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Massei: Rav Avraham Grodzenski: Understanding Someone’s Intention

The 22nd of Tammuz is the Yahrtzeit of Rav Avraham Grodzenksi, mashgiach of Slabodka; died al kiddush Hashem, along with his sons, Yisrael, Zeev, and Eliezer, and his daughter, Miriam (1942). A collection of his thoughts are recorded in Toras Avraham. His last three years were spent in the Kovno Ghetto. An account of that period in his life was written by his daughter, Rebbetzin R. Wolbe, who became the wife of Rav Shlomo Wolbe, entitled “Ve’emunascha Baleilos.” On June 23, 1941 (27th of Sivan) German bombardment of Lithuania put a stop to the learning in Slabodka, as Kovno took the brunt of the attack.


“Then the assembly shall judge between the assailant and the avenger of the blood according to these laws. The assembly shall rescue the killer…(Numbers 35:24-25).”

Most sins can be considered a mistake. There are mistakes in knowledge, such as what qualifies as a violation of the Shabbat. There are mistakes of fact, such as a person violating the Shabbat thinking that it is not Shabbat. There are mistakes in law, such as a person who mistakingly believes that something is permissible.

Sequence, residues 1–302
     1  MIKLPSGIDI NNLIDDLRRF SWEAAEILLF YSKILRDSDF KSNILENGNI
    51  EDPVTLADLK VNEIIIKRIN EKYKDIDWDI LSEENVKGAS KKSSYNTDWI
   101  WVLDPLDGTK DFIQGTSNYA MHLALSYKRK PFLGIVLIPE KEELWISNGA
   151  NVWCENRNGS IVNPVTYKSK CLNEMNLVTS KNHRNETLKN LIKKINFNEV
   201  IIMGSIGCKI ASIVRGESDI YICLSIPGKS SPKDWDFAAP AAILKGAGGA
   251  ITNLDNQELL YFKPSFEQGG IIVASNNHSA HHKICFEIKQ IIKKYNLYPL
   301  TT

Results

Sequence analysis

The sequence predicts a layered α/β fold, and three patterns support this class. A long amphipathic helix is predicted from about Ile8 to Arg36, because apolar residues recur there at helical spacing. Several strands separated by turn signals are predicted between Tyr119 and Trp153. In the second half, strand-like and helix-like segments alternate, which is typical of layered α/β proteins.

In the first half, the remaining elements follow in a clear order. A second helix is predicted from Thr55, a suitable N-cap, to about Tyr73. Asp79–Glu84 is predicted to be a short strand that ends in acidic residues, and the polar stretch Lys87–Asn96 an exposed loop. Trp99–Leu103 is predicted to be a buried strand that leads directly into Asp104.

There are few sins that are considered intentional, and even of these they are not necessarily considered to have been committed with full intention. For example. We live in times when people are convinced that what they hear is fact. It becomes easy for them to believe certain facts without their necessarily being true. A person may be convinced that although it is Shabbat, and although it is prohibited to perform certain types of work on Shabbat, what he is about to do is not truly work and therefore he believes that it is permissible although he is acting with intention.

When the first teaches that the assembly shall judge and the assembly shall rescue it means that when ever we judge someone we must be aware that although he seemed to act with full intention we do not necessarily understand what contributed to that intention. We must judge by exploring his entire thought process as he sinned.

This was one of the most significant responsibility of the prophets; it was their job to make sure that people were fully aware of the seriousness of their actions, that the actions were sinful, and the consequences of their actions. This is why we are often held responsible for not obeying the instructions of a prophet rather than for the specific sin. We send because we did not pay attention to the prophets who were pointing out the seriousness of the action.

When God sends a prophet to teach the people after they are sending, He is acting towards us with great kindness, affording us another opportunity to achieve clarity. For this is what God desires more than anything else; that we act at all times with full awareness. (Torat Avraham: Prophecy & Suffering)

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